Released in 2004 on Constellation Records Format: LPx2, Side D is blank
On Automaginary, the Gnawa-inspired cosmic jazz of Natural Information Society is augmented by the flowing textures of Chicago new age trio Bitchin Bajas to create an album of enveloping drones and trance-inducing rhythms. (Follow link for full Review)
Over the past decade, Josh Abrams has been using his guimbri to create music inspired by the ceremonial music of the Gnawa in North Africa, infusing it with a wide variety of influences from kosmische to minimalism to the avant-garde jazz of his local scene in Chicago. On this album, the focus is on “pure motion” driven by double drummers hypnotically interlocking with guimbri, guitar, keys and harmonium. Each individual plays unique rhythmic figures that push and pull against each other like polyrhythmic tectonic plates, creating constantly changing, yet circular grooves.
Originally released in 1996 on Thrill Jockey Records 2012 pressing
Originally released in 2002 on Secretly Canadian 2014 deluxe reissue Format: LPx2 (full album on first LP and demos on … More
Originally released in 1989 on Fiction Records 2010 pressing, Digitally Remastered by Robert Smith Format: LPx2
Enveloping blankets of piano and synthesizers that are mostly beautifully soothing, but occasionally venture down shadowy alleyways full of eerie suspense.
A unique blend of post-rock, stoner rock, and shoegaze crafted into a cohesive, perfectly fluid 25 minutes. Hallucinogenic atmospheres, shadowy guitar effects, and mysterious pitch-shifted vocals envelope driving, stoner-fuzz bass lines that often liquify into the watery chorus-bass you might find on the Cure’s Disintegration or an Isis album.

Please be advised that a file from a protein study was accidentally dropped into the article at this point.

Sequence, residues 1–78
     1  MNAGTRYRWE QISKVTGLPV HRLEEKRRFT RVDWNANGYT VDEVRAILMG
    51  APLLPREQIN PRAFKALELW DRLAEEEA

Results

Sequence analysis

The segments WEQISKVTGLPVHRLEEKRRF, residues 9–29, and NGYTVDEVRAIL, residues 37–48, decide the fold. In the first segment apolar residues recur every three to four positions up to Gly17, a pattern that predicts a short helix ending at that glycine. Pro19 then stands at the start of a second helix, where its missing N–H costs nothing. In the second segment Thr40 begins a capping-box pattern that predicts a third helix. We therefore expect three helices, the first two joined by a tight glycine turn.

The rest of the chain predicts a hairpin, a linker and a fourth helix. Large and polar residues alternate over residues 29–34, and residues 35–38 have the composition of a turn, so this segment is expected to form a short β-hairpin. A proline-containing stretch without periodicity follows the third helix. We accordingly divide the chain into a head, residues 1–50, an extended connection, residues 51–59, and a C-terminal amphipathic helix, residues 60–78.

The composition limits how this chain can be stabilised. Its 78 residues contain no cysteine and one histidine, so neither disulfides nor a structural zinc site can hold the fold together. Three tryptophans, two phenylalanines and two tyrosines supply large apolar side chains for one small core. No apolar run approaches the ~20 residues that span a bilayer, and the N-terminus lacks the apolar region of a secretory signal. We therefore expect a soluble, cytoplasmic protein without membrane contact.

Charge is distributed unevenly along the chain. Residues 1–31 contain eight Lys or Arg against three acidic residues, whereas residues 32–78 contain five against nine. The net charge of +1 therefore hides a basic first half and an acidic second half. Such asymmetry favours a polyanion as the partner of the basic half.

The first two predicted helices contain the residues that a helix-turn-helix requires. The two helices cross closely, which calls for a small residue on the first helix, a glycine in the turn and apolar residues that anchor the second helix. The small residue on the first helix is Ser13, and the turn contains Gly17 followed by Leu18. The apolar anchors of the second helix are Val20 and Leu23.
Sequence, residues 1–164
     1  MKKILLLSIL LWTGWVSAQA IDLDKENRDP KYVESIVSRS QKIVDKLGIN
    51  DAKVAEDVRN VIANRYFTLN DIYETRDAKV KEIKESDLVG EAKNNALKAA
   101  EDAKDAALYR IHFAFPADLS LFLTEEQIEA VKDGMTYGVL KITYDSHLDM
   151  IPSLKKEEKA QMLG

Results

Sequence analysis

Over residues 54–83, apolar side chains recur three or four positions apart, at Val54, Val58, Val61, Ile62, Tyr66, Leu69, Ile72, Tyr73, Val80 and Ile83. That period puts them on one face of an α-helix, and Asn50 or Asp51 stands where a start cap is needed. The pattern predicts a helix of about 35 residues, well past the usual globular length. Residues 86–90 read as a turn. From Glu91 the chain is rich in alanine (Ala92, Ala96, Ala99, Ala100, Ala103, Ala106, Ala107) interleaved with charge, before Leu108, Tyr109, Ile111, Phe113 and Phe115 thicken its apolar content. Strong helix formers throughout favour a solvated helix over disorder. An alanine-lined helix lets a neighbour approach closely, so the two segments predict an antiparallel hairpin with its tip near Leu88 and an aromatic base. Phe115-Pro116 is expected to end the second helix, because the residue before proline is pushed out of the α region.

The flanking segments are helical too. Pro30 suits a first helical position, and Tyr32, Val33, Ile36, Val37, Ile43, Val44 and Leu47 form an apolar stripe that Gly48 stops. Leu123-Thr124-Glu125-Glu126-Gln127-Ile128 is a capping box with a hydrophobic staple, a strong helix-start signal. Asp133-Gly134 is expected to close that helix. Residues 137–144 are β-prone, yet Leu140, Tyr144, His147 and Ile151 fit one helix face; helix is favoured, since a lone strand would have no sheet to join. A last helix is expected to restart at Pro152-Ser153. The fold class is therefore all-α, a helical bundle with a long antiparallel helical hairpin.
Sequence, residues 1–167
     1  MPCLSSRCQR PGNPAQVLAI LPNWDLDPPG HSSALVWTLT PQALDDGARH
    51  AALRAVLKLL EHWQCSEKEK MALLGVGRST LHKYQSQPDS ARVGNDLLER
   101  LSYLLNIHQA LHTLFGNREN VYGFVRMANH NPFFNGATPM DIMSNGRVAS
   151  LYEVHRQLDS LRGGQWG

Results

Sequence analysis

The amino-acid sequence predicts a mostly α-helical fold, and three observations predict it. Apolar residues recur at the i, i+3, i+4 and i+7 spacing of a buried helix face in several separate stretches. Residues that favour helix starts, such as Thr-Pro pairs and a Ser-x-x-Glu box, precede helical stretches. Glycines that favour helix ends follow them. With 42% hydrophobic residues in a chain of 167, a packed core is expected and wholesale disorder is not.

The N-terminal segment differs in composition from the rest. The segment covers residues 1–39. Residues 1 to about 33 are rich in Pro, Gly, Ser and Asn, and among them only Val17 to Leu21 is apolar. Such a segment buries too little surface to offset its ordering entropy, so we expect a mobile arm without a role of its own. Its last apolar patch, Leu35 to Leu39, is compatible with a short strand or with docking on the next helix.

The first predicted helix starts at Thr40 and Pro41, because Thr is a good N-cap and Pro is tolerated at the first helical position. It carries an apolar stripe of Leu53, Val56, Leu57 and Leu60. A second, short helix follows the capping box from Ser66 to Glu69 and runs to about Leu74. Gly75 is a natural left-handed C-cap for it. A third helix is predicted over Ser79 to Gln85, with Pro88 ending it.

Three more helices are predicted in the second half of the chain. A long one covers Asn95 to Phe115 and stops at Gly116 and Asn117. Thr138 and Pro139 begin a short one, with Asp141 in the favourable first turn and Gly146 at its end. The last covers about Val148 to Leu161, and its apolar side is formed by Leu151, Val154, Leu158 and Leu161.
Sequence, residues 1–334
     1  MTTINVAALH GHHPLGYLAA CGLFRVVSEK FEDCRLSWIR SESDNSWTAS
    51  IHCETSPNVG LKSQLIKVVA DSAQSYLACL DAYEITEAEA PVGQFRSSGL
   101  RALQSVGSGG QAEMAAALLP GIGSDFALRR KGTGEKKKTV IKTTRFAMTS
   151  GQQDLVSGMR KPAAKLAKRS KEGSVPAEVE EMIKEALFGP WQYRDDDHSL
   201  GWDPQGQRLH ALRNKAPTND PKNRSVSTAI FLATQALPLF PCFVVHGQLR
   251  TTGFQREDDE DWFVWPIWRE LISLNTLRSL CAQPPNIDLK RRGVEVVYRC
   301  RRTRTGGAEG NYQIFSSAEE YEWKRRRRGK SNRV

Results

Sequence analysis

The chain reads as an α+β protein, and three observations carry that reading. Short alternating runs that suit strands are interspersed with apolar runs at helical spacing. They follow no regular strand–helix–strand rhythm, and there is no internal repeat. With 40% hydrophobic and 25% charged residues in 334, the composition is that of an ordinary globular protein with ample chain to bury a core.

Released in 1988 on Parlophone Records 2012 Pressing
Released in 2015 on People Teeth Format: LP
This fantastic compilation album consists of 2 hours of unreleased recording sessions ranging from 1970 to 1974. Despite some incohesiveness, this release contains some of the most exciting, creative and uncategorizable music of Miles’ career.
I highly recommend this album to fans of the innovative and exploratory period of jazz fusion of the early 70’s, where electric instrumentation, funk rhythms, experimental production techniques, and spacey synthesizers met the improvisation, freedom, and uplifting soul of the spiritual jazz of the 60’s. Herbie Hancock’s Mwandishi trilogy, Miles Davis’ Bitches Brew, Weather Report’s first LP are good touchstones, but this album truly offers something unique.
Information: Released in 1978 on PVC Records Format: LP
A psychedelic synth odyssey created with only an expanded Series III Moog by Robert Margouleff and synth-guru Malcolm Cecil (who programmer synths on legendary albums by Stevie Wonder and Gil-Scott Heron in addition to his ambient solo work). The intricately layered results here feel like a synthetic wilderness, with a wide variety of colors and textures that sound warm, organic, and natural despite their electronic origins.